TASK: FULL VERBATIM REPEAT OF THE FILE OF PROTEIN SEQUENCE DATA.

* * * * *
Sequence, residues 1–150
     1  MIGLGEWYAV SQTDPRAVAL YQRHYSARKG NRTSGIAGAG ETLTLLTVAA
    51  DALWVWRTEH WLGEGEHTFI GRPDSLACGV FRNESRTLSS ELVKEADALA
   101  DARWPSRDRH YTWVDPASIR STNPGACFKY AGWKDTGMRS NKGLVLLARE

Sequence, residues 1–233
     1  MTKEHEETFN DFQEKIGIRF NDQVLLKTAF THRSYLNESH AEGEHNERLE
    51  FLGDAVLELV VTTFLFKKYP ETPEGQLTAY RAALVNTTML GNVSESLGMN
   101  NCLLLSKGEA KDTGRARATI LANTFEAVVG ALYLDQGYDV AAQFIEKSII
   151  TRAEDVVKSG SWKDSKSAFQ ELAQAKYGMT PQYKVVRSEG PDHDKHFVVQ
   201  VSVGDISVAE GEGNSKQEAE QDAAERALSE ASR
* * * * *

Sequence, residues 1–150
     1  MIGLGEWYAV SQTDPRAVAL YQRHYSARKG NRTSGIAGAG ETLTLLTVAA
    51  DALWVWRTEH WLGEGEHTFI GRPDSLACGV FRNESRTLSS ELVKEADALA
   101  DARWPSRDRH YTWVDPASIR STNPGACFKY AGWKDTGMRS NKGLVLLARE

Sequence, residues 1–233
     1  MTKEHEETFN DFQEKIGIRF NDQVLLKTAF THRSYLNESH AEGEHNERLE
    51  FLGDAVLELV VTTFLFKKYP ETPEGQLTAY RAALVNTTML GNVSESLGMN
   101  NCLLLSKGEA KDTGRARATI LANTFEAVVG ALYLDQGYDV AAQFIEKSII
   151  TRAEDVVKSG SWKDSKSAFQ ELAQAKYGMT PQYKVVRSEG PDHDKHFVVQ
   201  VSVGDISVAE GEGNSKQEAE QDAAERALSE ASR